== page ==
The gossip would then walk on past the local pub, where the lamplighter’s lad is high up a ladder conscientiously cutting the candle, clearing the cuttings and cleaning the glass. There she would observe that the lanky lad’s large ladder is leaning lazily in a lopsided way before telling him that, if he is going to buy any flowers from the flower seller on the green, he needs to check them carefully because the remaining red rambling roses are radically reduced because they reek and are ready to recycle.

The gossip’s next call is at the police station where there is a poster on the door about a missing kitten. The gossip tells the police “It’s possible the peculiar pedigree pussy purring and playing on my patio fits the description.” The constable knows the town gossip only too well and says the missing cat has already been found and this shouldn’t be police business anyway. “OK”, says the town gossip, “Then if you’ve really nothing better to do, you need to have a word with the lamplighter’s lanky lad. He is likely to lose his life because his large ladder is leaning lazily in a lopsided way”.

At lunchtime the gossip visits the best place in town for genuine juicy guaranteed gossip; the Greedy Gourmet Cafe. Here the gossip eavesdrops on the next table where a couple of cousins are quietly conversing about their current concerns, in the corner, over a comforting cup of cocoa. The gossip listens to what they say then leans over and concurs that more people should consider contributing to community care and condemns the constable’s candidly cutting comment about catching cute kittens.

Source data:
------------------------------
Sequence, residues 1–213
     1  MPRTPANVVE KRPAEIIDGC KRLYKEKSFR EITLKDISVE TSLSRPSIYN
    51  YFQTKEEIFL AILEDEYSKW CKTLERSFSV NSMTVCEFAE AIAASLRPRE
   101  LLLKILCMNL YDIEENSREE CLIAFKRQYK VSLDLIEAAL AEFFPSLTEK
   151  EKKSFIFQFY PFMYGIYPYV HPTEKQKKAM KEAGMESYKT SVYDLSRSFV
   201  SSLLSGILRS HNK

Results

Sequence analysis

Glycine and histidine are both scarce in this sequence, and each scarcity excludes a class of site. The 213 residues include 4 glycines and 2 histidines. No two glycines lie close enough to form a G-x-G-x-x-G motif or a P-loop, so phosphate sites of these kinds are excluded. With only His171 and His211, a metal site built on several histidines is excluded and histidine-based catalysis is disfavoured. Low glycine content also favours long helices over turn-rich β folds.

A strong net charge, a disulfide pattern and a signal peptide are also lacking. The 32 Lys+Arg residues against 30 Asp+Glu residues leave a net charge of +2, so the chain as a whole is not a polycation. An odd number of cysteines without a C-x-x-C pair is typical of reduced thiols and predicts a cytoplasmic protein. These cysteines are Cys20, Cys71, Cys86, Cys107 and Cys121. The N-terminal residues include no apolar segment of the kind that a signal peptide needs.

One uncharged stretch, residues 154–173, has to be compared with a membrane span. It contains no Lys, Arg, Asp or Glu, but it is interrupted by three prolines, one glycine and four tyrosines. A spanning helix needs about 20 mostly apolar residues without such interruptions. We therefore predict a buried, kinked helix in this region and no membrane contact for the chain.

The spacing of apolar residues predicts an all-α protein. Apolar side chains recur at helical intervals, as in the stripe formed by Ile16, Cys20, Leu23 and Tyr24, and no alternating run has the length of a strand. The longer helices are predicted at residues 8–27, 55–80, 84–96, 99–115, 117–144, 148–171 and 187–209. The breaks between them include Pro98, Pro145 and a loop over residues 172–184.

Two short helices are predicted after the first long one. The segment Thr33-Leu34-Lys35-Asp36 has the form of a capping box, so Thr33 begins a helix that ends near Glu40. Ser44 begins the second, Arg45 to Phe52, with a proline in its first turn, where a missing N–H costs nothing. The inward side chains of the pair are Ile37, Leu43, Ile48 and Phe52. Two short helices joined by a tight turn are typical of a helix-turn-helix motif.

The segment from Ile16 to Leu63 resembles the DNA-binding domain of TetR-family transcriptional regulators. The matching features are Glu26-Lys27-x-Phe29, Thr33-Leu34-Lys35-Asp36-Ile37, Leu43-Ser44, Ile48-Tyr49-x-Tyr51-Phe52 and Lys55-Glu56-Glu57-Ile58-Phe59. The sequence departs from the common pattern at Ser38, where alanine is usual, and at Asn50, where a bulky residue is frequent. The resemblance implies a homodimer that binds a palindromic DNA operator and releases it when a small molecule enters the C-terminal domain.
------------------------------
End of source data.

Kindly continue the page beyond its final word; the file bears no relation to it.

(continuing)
After finishing her now cold cup of cappuccino coffee the gossip decides to spend the last of a lovely day loitering leisurely and listening to more loose larynxes in the local lending library. By the time the gossip leaves the local lending library loaded with little labial lapses, it is time to toddle tiredly toward the trendy town takeaway for a teatime tikka or tapas. Here, treat in hand, before hurriedly heading homeward, the gossip beseeches a bespectacled businessman to beware befriending the book borrowers and bibliography browsers at the borrowing library because their banter beggars belief